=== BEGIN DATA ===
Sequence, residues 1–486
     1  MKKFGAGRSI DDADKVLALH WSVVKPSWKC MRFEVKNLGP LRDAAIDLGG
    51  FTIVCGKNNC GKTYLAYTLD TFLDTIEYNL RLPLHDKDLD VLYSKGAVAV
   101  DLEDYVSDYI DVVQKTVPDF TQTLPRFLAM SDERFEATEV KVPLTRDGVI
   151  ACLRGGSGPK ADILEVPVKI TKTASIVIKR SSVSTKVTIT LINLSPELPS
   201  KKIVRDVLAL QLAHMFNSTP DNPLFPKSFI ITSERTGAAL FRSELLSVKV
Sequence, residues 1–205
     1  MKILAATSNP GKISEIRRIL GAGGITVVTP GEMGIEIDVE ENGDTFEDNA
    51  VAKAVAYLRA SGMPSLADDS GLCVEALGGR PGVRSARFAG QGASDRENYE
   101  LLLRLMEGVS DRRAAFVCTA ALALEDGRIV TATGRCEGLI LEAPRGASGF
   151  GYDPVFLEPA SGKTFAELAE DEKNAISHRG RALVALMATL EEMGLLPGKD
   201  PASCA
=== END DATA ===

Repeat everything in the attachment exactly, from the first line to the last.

Sequence, residues 1–486
     1  MKKFGAGRSI DDADKVLALH WSVVKPSWKC MRFEVKNLGP LRDAAIDLGG
    51  FTIVCGKNNC GKTYLAYTLD TFLDTIEYNL RLPLHDKDLD VLYSKGAVAV
   101  DLEDYVSDYI DVVQKTVPDF TQTLPRFLAM SDERFEATEV KVPLTRDGVI
   151  ACLRGGSGPK ADILEVPVKI TKTASIVIKR SSVSTKVTIT LINLSPELPS
   201  KKIVRDVLAL QLAHMFNSTP DNPLFPKSFI ITSERTGAAL FRSELLSVKV
Sequence, residues 1–205
     1  MKILAATSNP GKISEIRRIL GAGGITVVTP GEMGIEIDVE ENGDTFEDNA
    51  VAKAVAYLRA SGMPSLADDS GLCVEALGGR PGVRSARFAG QGASDRENYE
   101  LLLRLMEGVS DRRAAFVCTA ALALEDGRIV TATGRCEGLI LEAPRGASGF
   151  GYDPVFLEPA SGKTFAELAE DEKNAISHRG RALVALMATL EEMGLLPGKD
   201  PASCA